About this WINE
San Giuseppe, Tuscany
Run by the talented Stella di Campalto, the 6 hectare San Giuseppe wine estate in Castelnuovo dell'Abate, is strewn with several soil types (volcanic, iron-rich, galestro, clay...). It was originally planted in 1992, became organic in 1996 and then biodynamic in 2002.
Great attention is paid to harvesting the parcels of vines separately in order to capture the maximum fruit quality and soil expression, using gravity and a combination of large 38hl Austrian oak barrels and French oak barriques to vinify the juice as gently as possible.
All her fruit qualifies as Brunello di Montalcino, yet in 2003 she chose to declassify everything to Rosso di Montalcino; her inaugural Brunello has been released in 2009 for the 2004 vintage.
Rosso di Montalcino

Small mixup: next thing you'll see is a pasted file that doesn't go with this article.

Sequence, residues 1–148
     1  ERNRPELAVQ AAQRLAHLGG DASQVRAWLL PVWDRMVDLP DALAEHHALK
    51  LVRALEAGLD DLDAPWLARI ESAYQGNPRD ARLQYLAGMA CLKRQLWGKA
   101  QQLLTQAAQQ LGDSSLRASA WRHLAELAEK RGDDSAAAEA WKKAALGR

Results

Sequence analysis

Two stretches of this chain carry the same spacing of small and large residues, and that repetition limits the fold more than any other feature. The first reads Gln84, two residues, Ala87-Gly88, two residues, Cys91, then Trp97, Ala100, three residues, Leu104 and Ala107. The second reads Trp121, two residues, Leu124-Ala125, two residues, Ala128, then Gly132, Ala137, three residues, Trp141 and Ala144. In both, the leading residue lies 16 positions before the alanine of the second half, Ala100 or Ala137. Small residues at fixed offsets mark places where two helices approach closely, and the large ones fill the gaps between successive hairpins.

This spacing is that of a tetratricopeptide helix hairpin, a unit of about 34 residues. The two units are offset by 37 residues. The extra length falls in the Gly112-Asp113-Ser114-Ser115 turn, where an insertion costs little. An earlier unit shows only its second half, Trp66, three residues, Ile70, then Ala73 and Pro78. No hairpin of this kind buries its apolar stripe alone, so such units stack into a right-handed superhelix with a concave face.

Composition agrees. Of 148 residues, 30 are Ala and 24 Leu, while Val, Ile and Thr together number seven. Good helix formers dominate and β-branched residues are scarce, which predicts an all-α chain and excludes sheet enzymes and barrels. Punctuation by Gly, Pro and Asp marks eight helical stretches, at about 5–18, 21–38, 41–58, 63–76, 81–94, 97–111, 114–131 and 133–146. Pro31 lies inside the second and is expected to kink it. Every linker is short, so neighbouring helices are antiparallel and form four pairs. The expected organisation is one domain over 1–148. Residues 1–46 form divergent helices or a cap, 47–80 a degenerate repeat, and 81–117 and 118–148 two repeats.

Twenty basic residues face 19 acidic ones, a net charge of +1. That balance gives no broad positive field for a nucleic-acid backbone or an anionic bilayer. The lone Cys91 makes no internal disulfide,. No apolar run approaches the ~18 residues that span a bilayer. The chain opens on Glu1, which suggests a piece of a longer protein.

Rosso di Montalcino is a large Tuscan DOC, to the far south of the Chianti Classico region, which has been classified since 1983.
The wines are fruity, soft, light and forward-maturing. They come from Sangiovesse vines outside the finer Brunello di Montalcino DOCG, harvested at up to 62 hl/ha, or from declassified Brunello fruit (often from young vines) in which case the yield must be the same as Brunello wines, at 55 hl/ha.
It is a high yielding, late ripening grape that performs best on well-drained calcareous soils on south-facing hillsides. For years it was blighted by poor clonal selection and massive overcropping - however since the 1980s the quality of Sangiovese-based wines has rocketed upwards and they are now some of the most sought after in the world.
It produces wines with pronounced tannins and acidity, though not always with great depth of colour, and its character can vary from farmyard/leather nuances through to essence of red cherries and plums. In the 1960s the advent of Super Tuscans saw bottlings of 100% Sangiovese wines, as well as the introduction of Sangiovese/Cabernet Sauvignon blends, the most famous being Tignanello.
91/100 points - Antonio Galloni, Vinous Media - September 2013